Comes the time in the life of every web page designer, including those of us who are in no danger of losing our amateur status, when he must face the fact that half of is audience is going to be using Internet Explorer to view his artwork.
And not just the current version of Internet explorer. There's IE8, IE7, IE6, and, dear Lord protect us, even IE5 is sometimes seen in the wild. Of course, each version of IE has its quirks. IE6 does CSS badly, IE7 does it a bit better, and IE8 is better yet, though not perfect. To show you an example of the differences, here's a screen shot of one of our pop-up menus. The first one's IE8, but it's pretty much the same in all reasonable browsers:
Then there's IE7, which looks like this:
You'll notice that I've adjusted the padding on the popup so that it just touches the main menu box in IE7. Of course that means that for everything else, the popup is in the middle of the address bar.
IE6 doesn't even do the popup, and puts the menu bar way down the screen. If you really care, look it up yourself. (I decided early on that setting up the page to work with IE6 was to start down the road to insanity.)
And then you've got to be sure that your page looks good in Firefox, Chrome, Safari, Opera, etc.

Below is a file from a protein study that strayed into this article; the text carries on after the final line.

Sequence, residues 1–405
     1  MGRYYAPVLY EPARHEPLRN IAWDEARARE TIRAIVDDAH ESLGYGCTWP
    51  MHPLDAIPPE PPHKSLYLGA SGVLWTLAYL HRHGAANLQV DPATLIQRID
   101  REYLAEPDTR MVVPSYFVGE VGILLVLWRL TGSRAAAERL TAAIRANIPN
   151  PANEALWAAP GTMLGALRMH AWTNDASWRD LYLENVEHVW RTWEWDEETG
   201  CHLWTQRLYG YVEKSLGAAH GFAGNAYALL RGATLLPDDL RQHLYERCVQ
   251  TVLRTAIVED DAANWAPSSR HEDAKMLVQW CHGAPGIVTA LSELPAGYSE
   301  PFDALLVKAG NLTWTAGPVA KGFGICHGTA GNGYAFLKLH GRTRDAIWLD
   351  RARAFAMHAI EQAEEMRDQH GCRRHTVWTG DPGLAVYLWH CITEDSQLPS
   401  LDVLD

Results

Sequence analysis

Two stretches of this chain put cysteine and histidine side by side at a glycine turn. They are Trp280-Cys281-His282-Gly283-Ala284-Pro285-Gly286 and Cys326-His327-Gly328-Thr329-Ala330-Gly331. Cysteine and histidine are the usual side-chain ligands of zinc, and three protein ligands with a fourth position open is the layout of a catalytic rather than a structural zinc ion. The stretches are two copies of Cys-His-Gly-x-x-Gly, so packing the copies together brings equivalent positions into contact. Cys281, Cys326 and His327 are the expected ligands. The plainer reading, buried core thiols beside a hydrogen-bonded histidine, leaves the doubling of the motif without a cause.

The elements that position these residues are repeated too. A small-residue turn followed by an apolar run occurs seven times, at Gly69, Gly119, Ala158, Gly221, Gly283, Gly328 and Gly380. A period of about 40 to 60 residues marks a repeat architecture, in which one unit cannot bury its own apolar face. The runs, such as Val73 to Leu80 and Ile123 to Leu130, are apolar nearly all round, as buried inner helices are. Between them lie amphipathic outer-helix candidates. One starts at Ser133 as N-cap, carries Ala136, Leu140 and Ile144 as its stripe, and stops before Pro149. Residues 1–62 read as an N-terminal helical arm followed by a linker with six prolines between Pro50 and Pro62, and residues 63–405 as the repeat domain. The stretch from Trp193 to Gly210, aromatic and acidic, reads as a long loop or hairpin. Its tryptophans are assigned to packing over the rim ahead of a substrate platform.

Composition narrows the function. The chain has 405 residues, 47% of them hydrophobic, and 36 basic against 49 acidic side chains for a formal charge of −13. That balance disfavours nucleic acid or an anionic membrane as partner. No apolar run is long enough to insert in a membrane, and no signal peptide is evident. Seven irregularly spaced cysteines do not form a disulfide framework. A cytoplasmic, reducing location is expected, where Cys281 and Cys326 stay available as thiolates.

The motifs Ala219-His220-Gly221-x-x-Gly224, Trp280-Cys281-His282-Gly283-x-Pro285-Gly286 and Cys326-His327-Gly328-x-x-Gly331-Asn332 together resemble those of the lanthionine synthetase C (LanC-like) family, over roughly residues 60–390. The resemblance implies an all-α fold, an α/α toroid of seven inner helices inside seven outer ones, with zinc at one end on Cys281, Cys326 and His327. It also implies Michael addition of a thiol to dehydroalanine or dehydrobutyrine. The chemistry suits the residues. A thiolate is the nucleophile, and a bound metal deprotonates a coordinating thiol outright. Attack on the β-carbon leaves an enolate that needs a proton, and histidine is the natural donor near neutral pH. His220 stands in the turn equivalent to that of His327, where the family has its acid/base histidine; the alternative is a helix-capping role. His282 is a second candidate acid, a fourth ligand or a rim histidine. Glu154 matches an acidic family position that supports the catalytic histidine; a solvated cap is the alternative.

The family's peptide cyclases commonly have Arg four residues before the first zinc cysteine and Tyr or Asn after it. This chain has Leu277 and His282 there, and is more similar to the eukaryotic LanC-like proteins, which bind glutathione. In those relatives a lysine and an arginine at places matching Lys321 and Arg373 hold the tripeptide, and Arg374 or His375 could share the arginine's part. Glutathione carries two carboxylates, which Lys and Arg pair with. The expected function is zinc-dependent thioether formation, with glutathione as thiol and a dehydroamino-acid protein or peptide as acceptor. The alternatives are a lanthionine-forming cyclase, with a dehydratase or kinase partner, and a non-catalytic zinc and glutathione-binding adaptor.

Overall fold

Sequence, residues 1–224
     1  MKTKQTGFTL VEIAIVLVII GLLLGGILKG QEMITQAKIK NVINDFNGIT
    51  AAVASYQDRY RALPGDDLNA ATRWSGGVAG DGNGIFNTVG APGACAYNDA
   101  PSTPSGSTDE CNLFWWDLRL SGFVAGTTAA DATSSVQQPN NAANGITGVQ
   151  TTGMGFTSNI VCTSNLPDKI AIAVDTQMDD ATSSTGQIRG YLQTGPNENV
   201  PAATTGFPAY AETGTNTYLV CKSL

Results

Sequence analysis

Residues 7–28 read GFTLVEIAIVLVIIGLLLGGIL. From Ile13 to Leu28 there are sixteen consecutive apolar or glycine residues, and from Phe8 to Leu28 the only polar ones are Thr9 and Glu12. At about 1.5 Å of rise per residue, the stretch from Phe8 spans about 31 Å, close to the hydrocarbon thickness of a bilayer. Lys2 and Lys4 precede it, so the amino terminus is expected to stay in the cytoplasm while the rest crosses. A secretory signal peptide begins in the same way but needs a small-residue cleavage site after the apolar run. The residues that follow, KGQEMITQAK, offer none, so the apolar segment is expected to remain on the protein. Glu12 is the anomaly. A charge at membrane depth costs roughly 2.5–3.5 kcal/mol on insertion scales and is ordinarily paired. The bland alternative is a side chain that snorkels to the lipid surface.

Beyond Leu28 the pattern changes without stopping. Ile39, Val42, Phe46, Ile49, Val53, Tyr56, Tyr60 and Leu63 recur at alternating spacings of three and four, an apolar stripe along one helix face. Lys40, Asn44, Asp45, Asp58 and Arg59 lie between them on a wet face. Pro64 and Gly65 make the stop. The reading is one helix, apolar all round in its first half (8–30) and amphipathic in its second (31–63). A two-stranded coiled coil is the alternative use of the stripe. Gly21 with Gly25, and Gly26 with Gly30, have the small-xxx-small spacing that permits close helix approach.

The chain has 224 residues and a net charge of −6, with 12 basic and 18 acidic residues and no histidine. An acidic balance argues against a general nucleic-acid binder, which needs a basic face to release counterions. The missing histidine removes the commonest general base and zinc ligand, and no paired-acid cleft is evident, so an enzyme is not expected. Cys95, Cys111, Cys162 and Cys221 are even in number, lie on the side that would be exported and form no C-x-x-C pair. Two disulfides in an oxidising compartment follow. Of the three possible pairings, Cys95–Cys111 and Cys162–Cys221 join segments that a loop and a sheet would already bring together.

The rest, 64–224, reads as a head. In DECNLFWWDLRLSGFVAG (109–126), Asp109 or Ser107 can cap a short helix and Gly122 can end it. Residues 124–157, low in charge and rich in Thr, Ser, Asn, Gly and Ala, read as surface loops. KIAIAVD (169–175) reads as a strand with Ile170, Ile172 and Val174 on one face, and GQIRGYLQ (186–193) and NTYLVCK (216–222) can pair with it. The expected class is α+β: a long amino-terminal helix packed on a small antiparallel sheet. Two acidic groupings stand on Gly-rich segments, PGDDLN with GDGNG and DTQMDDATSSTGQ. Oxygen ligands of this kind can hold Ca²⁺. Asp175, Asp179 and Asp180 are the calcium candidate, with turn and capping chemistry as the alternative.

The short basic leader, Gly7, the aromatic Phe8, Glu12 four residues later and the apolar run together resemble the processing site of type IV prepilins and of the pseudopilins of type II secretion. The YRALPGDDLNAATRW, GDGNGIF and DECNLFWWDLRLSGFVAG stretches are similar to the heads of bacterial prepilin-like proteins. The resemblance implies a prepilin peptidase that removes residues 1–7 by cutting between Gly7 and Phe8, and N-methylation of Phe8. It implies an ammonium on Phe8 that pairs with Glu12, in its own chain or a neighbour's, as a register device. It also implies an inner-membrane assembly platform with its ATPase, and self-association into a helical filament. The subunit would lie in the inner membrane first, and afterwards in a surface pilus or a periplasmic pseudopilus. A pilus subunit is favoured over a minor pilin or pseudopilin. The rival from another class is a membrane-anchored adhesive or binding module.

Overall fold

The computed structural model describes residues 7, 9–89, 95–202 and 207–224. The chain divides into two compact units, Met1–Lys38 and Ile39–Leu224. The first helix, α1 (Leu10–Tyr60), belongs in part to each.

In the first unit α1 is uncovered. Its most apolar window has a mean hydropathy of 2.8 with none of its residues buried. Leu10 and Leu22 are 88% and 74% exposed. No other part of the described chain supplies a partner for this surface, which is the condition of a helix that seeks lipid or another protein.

So once I have the basic web page design down, in Firefox on Linux, I fire up a Windows machine and put up all the browsers the public is likely to use. That's fine for everything but IE. In general, you can't run two version of Internet Explorer on the same machine.
Unless — Unless you know how to use Google. Then, — and only then — will the truth be revealed to you: you can run multiple versions of Internet Explorer, if you install the Internet Explorer Collection.
Installation is easy, just download the EXE file, check it carefully for viruses, and install it. You'll get the
opportunity to install IE back to version 1.0 (I did that once, back in the days of Windows for Workgroups). I stuck with IE6 (just so I could laugh), 7, and 8, along with the
regular version of IE8 that my Windows computer uses to get Windows updates.
I'm not going to give a full review of this, just that it works well enough for me. It appears that each version of IE uses the same Favorites folder, and the same startup page. But I haven't experimented much.
Bottom line: I'm only recommending this for web page development that requires you to see how the various versions of IE render your pages. And I'm only using it on a Windows computer that contains no essential data and is only turned on a couple of times a week.
I wonder if anyone can get this to work with WINE?